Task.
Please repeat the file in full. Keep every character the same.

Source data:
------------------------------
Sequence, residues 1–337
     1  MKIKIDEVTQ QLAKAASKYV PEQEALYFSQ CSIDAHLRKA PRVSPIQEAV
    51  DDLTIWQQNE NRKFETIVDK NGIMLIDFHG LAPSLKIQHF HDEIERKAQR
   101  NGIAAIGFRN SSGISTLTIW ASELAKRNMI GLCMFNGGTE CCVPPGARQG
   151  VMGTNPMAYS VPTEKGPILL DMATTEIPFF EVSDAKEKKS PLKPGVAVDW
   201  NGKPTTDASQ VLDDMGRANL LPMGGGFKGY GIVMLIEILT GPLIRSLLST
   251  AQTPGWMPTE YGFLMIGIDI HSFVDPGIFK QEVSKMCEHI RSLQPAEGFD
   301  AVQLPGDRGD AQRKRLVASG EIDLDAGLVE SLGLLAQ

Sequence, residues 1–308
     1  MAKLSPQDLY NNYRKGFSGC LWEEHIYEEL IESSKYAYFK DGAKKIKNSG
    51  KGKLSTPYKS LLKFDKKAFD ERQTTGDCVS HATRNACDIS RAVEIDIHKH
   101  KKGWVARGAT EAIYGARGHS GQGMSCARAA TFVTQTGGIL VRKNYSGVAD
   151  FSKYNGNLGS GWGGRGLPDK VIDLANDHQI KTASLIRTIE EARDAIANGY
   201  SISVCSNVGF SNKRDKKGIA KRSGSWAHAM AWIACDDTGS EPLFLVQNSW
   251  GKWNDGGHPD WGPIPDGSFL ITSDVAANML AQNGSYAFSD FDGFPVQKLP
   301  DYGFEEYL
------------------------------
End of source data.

Sequence, residues 1–337
     1  MKIKIDEVTQ QLAKAASKYV PEQEALYFSQ CSIDAHLRKA PRVSPIQEAV
    51  DDLTIWQQNE NRKFETIVDK NGIMLIDFHG LAPSLKIQHF HDEIERKAQR
   101  NGIAAIGFRN SSGISTLTIW ASELAKRNMI GLCMFNGGTE CCVPPGARQG
   151  VMGTNPMAYS VPTEKGPILL DMATTEIPFF EVSDAKEKKS PLKPGVAVDW
   201  NGKPTTDASQ VLDDMGRANL LPMGGGFKGY GIVMLIEILT GPLIRSLLST
   251  AQTPGWMPTE YGFLMIGIDI HSFVDPGIFK QEVSKMCEHI RSLQPAEGFD
   301  AVQLPGDRGD AQRKRLVASG EIDLDAGLVE SLGLLAQ

Sequence, residues 1–308
     1  MAKLSPQDLY NNYRKGFSGC LWEEHIYEEL IESSKYAYFK DGAKKIKNSG
    51  KGKLSTPYKS LLKFDKKAFD ERQTTGDCVS HATRNACDIS RAVEIDIHKH
   101  KKGWVARGAT EAIYGARGHS GQGMSCARAA TFVTQTGGIL VRKNYSGVAD
   151  FSKYNGNLGS GWGGRGLPDK VIDLANDHQI KTASLIRTIE EARDAIANGY
   201  SISVCSNVGF SNKRDKKGIA KRSGSWAHAM AWIACDDTGS EPLFLVQNSW
   251  GKWNDGGHPD WGPIPDGSFL ITSDVAANML AQNGSYAFSD FDGFPVQKLP
   301  DYGFEEYL